Archaeologists at the University of Cádiz recently announced the discovery of a series of ancient and prehistoric structures along Spain’s southern coast, offering a glimpse into the varied, long history of human settlement in the country’s Andalusia region.
First, report Zamira Rahim and Vasco Cotovio for CNN, the team unearthed the remains of a sprawling Roman bath complex, or thermae, where the empire’s ancient citizens gathered to wash, exercise and relax. Preserved beneath sand dunes for nearly 2,000 years, the baths’ 13-foot-tall walls have now been excavated for the first time since their abandonment in late antiquity, per a statement.
So far, researchers have only surveyed two of the rooms from the complex, which sits on the coast near the Caños de Meca beach. They estimate that the entire structure once extended over 2.5 acres.
The site features multiple rooms decorated with red, white and black stucco and marble, suggesting the baths once boasted rich decorations, reports Colin Drury for the Independent. According to the statement, double-walled structures such as these allowed the ancient Romans to create heated thermal enclosures for steaming and ritual bathing.
The Roman Empire first seized land in the Iberian Peninsula in the second century B.C., eventually coming to control a majority of what is now Spain, notes Encyclopedia Britannica. Roman leaders established public baths in the imperial style throughout the empire, including in the city of Toledo to the north.
At the same site, archaeologists also uncovered more recent fragments of history, including medieval ceramic remains that were likely crafted during the 12th or 13th centuries.
In an added twist, about a third of a mile down the coast, at the Cape of Trafalgar, researchers discovered two more ancient treasures: a collection of at least seven Roman-era “salting pools” and a 4,000-year-old Bronze Age tomb, reports Isabel Laguna for Spanish wire service Agencia EFE.
Like the bathing complex, both the pools and the tomb were preserved for thousands of years beneath sand dunes overlooking the Mediterranean, per CNN. The salting pools were likely used to prepare foods, including garum, a fermented sauce made from fish guts, herbs and salt.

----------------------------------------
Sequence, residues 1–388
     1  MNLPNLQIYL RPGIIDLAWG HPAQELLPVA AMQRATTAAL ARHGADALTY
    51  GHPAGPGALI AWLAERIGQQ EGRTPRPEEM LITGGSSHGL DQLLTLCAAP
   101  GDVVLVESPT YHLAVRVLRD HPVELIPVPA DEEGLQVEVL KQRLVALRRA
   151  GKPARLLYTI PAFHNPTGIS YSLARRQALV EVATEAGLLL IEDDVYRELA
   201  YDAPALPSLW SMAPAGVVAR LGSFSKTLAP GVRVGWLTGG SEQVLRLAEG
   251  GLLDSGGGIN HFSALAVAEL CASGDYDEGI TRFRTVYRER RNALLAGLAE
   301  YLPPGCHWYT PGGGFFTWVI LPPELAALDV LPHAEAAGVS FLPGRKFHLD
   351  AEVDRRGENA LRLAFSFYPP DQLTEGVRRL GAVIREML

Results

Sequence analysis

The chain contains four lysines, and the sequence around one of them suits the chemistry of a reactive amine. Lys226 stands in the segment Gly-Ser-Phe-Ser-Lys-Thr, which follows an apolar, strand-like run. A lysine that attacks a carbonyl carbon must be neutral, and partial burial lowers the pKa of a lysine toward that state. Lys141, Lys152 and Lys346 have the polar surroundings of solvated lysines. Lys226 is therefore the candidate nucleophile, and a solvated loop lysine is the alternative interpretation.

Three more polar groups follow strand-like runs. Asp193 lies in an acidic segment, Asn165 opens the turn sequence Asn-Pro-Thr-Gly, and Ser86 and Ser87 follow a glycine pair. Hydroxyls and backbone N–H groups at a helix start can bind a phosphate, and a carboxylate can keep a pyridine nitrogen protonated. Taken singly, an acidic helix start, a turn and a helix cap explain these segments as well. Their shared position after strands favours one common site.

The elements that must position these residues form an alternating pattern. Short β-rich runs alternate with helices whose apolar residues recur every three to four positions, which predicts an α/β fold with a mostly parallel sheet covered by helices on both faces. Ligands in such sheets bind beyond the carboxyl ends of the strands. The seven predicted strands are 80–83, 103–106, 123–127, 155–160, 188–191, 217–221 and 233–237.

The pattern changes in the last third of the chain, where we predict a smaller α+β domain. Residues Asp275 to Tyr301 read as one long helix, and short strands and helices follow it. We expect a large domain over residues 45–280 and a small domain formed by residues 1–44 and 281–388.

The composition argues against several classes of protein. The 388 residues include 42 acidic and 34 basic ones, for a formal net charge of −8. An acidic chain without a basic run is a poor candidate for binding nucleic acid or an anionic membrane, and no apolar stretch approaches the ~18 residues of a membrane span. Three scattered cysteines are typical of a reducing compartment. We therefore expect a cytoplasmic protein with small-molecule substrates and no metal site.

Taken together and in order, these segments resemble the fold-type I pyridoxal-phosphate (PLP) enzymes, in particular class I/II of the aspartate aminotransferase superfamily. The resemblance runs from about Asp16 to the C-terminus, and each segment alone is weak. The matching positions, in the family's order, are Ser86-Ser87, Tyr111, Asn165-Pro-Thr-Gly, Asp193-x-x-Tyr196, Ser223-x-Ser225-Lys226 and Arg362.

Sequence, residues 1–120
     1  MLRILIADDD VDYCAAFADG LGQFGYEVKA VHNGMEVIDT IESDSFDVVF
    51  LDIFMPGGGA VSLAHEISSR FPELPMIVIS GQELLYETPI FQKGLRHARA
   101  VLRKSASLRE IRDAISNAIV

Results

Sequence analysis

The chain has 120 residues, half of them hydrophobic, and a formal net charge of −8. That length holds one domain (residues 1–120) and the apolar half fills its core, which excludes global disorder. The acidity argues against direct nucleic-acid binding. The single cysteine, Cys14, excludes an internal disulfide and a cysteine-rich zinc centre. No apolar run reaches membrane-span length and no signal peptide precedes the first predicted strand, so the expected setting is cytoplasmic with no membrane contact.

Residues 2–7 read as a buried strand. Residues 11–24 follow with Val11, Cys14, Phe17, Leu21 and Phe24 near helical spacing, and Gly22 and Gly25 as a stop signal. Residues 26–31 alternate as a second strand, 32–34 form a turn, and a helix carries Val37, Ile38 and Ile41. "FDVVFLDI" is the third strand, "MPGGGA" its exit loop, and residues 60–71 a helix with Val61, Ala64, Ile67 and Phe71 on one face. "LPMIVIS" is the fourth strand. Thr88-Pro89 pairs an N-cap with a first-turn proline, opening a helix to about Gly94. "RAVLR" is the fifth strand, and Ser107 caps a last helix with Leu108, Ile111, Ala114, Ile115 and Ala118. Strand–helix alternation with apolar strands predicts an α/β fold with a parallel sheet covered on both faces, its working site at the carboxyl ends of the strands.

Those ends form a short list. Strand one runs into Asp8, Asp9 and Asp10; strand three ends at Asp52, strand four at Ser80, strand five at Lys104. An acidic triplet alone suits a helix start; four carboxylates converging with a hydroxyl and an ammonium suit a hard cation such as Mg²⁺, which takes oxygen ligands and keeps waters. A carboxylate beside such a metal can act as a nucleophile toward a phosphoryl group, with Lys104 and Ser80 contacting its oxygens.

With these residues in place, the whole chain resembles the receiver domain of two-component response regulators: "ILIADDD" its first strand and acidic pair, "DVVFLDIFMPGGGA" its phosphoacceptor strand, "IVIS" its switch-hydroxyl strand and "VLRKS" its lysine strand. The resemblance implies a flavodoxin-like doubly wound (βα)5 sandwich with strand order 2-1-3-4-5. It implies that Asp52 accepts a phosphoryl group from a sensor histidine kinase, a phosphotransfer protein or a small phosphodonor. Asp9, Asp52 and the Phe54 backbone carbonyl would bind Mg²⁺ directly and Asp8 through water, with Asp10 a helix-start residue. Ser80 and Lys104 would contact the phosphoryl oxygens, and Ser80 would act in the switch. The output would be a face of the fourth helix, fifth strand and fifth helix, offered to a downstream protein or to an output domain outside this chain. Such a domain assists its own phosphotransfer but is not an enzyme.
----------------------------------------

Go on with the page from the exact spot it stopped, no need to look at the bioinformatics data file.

The Bronze Age burial structure, on the other hand, stands out as remarkably intact. Inside, notes EFE, researchers discovered at least seven corpses, including the complete skeleton of an adult woman adorned with a green beaded necklace, shells, two small gold earrings and a bone comb.
The individuals who buried their kin here “must have felt that it was a special place to bury their loved ones,” archaeologist Eduardo Vijande, who is leading the Bronze Age site investigation, tells EFE, per a translation by Spain’s News.
All told, the newly discovered sites will help archaeologists learn more about the various fishing communities that have thrived along the southeastern coast of Spain for centuries. The fact that researchers have discovered such an array of settlements in the region is “wonderful,” says Patricia del Pozo, Andalusia’s culture minister, in the statement. She tells EFE that officials are hoping to create a museum or historic heritage designation at the site of the many digs.
The finds, adds Pozo in the statement, indicate that the coastal region was “an incredibly attractive area for all types of civilizations, which endows us with incredible history.”
As CNN reports, these aren’t the only recent Roman-era discoveries in the region: Last July, authorities conducting a routine inspection of a frozen seafood vendor in the southern coastal town of Alicante discovered 13 Roman amphorae among the sellers’ wares, prompting an official investigation into their provenance. Per a statement from the Spanish Civil Guard, ancient Romans may have used these clay vessels to transport oil, wine or garum across the Mediterranean Sea.